TalkTalk energy efficiency credentials walk the walk

A new TalkTalk data centre that will use a third less energy than the industry average has opened in Wiltshire, prompting further calls for an energy certification scheme for the industry.

The idea of data centres having a simple mark – akin to those found on household appliances – that shows how efficient they are has been touted for some time.

Supporters say it would ensure that big customers would require minimum scores from their data centres and drive the market for pioneering, uber-efficient centres.

Speaking to, TalkTalk head of network services Dave Mullender said there is certainly a need for more transparency. “It’s not often data centres shout about their efficiency ratings – unless they are very good. More transparency would allow customers to make an informed choice.”

Data Centre P1 is, according to owners TalkTalk, one of the most efficient and low-carbon data centres in Europe and could save customers considerable amounts.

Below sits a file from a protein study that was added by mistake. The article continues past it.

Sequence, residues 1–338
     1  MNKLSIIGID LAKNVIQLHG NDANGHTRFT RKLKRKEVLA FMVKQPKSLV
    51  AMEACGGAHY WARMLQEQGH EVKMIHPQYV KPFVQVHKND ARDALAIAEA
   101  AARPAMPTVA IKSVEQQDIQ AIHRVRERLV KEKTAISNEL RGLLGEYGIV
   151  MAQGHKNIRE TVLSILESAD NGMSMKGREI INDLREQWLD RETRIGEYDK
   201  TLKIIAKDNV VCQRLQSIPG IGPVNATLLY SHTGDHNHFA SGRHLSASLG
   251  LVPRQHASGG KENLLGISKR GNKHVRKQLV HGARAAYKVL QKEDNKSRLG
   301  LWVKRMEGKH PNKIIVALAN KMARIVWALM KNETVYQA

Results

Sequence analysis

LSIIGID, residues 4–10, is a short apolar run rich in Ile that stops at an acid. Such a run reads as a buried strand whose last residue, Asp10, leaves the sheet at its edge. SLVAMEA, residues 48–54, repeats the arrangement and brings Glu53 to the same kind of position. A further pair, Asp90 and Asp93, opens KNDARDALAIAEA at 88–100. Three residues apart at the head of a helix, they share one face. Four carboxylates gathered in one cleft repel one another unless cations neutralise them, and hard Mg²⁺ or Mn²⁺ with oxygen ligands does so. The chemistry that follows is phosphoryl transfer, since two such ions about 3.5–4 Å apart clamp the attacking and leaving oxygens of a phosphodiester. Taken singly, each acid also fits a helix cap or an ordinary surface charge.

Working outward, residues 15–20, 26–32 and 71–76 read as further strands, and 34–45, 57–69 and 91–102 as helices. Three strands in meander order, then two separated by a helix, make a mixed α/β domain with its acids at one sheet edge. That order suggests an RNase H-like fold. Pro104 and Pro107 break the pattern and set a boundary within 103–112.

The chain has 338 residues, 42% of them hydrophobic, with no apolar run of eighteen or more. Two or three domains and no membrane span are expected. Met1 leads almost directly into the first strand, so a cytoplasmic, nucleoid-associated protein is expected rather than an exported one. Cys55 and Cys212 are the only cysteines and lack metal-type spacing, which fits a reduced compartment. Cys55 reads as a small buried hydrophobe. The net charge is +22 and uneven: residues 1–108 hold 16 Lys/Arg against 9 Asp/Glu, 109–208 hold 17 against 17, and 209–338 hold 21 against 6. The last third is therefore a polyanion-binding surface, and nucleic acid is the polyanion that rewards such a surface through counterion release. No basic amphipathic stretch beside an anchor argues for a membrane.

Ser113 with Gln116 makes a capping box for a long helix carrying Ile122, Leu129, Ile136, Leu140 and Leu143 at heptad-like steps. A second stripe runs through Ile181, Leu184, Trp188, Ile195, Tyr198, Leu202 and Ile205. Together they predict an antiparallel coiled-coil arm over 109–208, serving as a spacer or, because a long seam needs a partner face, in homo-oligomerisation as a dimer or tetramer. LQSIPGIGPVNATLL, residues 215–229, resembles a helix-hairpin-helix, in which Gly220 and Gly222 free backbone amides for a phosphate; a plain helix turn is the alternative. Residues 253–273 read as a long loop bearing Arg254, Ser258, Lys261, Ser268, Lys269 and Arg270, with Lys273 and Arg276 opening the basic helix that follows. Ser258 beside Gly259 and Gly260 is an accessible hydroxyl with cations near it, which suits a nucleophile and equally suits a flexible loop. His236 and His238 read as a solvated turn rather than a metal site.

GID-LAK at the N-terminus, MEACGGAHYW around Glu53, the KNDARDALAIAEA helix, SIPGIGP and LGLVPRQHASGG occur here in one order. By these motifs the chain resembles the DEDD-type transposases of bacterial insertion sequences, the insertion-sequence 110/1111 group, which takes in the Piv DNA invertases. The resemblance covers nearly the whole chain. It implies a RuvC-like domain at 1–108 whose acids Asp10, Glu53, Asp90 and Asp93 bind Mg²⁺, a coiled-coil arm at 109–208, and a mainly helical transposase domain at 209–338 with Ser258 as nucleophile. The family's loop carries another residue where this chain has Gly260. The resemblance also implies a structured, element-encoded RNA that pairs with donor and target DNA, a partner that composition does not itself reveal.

Efficiency in data centres is measured by power usage effectiveness (PUE) – the number of amps required from the grid to deliver one amp of power to the equipment ‘racks’ housing the servers.

In older centres the racks have a PUE of 2.5 amps – in other words, 1.5 amps is ‘wasted’ in the process of providing 1 amp of power to the rack. The industry average is 1.8 while at P1 the PUE is 1.25. Extrapolate this to 10 racks and P1 is using 876,000 kWH of power, costing around £87,000 a year, compared to an industry average of 1.26m kWH and £126,000 a year.

“The concept of having a data centre that wastes energy is abhorrent,” said Mullender. “That’s a pragmatic approach and not an eco-warrier approach.”

One of the biggest issues for data centres is keeping equipment cool. Mullender explained that the new centre is designed to deliver cooling where it’s required – “we focus our air on where it is needed rather than just sending it around the whole facility”. Inside, there is an adiabatic cooling system which uses water vapour to cool the air drawn in from outside. Critically, explained Mullender, there is no compromise on services.

“We didn’t want a wacky mechanism of saving energy if it was going to reduce the reliability of our service,” he said.

The type of energy used to fuel power-hungry data centres has also been receiving more attention of late. Facebook has committed to powering its operations – including its data centres – using renewable energy after a two-year feud with Greenpeace. Hewlett-Packard also recently unveiled a centre that will use local renewable sources, reducing the dependence on the grid by up to 80%.

edie staff

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